The building’s position below the earth is perhaps a sort of tribute to the mining technology in the department’s deep history. But the fact that it was underground was also a clear expression of the sense of experimentalism of the era in which it was built. The early 1980s came on the heels of the energy crisis, and at the dawn of the contemporary environmental movement. Bennett wanted to design a building that was energy-efficient, left a relatively small footprint, and lowered heating and cooling costs, among other factors.
“During the late 20th Century it became evident that human activity has the capacity to alter the natural history of the world, destabilizing the global climate and poisoning the natural environment,” he wrote later. “Setting these indisputable facts against the complex pattern of political, economic, cultural, intellectual, artistic, religious and physical human activity and the tendency toward inertia throughout human history, vested interest and institutional memory, it is impossible to predict with any certainty the impact of these phenomena on the future. But some new directions have to be tried.” The Civil Engineering Building was meant to be one of these new directions. For these efforts, the structure was awarded the American Society of Civil Engineer’s Outstanding Civil Engineering Achievement of 1983 – an achievement still noted in a patinated bronze plaque by the entrance.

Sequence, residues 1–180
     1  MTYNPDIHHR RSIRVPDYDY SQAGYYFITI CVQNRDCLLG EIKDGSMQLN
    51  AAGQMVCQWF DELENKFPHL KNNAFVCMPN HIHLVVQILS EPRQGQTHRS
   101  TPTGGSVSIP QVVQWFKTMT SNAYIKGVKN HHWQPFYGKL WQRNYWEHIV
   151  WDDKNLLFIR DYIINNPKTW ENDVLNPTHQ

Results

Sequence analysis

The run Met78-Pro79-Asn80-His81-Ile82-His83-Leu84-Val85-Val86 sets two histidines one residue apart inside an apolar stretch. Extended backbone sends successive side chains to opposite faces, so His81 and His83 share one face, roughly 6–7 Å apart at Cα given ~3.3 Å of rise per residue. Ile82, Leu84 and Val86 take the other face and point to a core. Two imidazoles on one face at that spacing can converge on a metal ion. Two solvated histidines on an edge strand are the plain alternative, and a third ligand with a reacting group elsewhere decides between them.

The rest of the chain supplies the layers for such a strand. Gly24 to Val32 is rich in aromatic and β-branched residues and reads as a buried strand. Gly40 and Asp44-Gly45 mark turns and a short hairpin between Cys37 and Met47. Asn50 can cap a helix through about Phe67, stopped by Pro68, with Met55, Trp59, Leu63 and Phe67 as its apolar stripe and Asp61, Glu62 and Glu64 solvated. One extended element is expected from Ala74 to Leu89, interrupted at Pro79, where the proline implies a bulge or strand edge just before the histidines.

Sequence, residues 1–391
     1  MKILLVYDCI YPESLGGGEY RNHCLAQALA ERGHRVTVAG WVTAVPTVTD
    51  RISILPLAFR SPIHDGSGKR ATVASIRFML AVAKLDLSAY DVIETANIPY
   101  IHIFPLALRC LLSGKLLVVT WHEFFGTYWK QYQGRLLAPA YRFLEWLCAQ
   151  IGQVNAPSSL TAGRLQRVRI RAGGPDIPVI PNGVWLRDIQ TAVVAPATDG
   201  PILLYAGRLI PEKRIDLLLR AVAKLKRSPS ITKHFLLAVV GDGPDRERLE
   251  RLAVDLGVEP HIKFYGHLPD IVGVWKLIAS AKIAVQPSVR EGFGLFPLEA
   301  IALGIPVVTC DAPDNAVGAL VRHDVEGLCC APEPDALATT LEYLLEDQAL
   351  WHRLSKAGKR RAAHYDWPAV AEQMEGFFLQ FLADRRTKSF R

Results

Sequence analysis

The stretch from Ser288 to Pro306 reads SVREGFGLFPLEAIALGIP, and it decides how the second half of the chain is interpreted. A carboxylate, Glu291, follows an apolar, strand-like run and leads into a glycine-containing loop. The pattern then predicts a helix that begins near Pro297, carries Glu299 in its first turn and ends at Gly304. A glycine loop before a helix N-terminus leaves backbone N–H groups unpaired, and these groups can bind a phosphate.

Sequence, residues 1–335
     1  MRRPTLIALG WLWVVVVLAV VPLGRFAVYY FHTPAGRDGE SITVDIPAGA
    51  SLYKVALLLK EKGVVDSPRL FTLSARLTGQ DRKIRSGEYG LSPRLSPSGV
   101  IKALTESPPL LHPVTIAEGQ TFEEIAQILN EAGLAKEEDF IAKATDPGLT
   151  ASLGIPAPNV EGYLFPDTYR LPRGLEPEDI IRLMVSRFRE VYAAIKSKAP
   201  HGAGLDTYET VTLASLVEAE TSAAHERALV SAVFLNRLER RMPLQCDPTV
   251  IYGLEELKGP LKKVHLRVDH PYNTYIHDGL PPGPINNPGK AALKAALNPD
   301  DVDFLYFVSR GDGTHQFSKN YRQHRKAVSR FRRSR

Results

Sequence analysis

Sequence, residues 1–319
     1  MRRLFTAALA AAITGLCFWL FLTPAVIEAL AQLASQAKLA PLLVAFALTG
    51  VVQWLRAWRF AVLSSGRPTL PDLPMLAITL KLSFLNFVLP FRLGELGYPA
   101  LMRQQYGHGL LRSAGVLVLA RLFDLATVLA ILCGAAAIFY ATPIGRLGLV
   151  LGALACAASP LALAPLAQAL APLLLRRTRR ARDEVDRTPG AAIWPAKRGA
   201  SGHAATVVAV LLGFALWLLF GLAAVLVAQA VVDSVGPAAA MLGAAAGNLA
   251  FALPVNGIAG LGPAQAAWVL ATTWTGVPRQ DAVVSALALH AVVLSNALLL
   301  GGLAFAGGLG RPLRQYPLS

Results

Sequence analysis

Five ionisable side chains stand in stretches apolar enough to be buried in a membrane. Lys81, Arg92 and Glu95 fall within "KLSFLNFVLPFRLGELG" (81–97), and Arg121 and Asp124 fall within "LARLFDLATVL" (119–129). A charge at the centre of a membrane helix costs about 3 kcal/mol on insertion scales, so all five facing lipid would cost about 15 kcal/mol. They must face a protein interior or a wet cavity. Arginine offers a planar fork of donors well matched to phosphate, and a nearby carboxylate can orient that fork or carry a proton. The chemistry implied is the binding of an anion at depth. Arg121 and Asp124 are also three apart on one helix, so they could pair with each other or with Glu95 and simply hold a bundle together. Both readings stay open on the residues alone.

The most striking feature of the building is the cupola atop. Superficially, it looks like a postmodern design flourish, but in fact it houses a solar optical system. A series of lenses and mirrors track the movement of the sun over the course of the day, distributing that sunlight into the lower levels. The idea is that, much in the same way the cold groundwater and the surrounding thermal environment would mitigate the need for heating and cooling, this passive light collection would supplement or even replace artificial light below ground.
The building was meant to be a model for how large, complex structures could be located underground, and be pleasant places to live and work. Much in the same way that humans adapted quickly to life in high-rise skyscrapers, so too might they adapt to life in underground spaces. One set of unforeseen difficulties, however, was the fact that “the University had to learn to maintain an underground building,” as department head Joe Labuz noted when he gave me a tour of the space recently. There are obviously a whole variety of factors involved in maintaining underground buildings that don’t come into play with a standard above-ground building.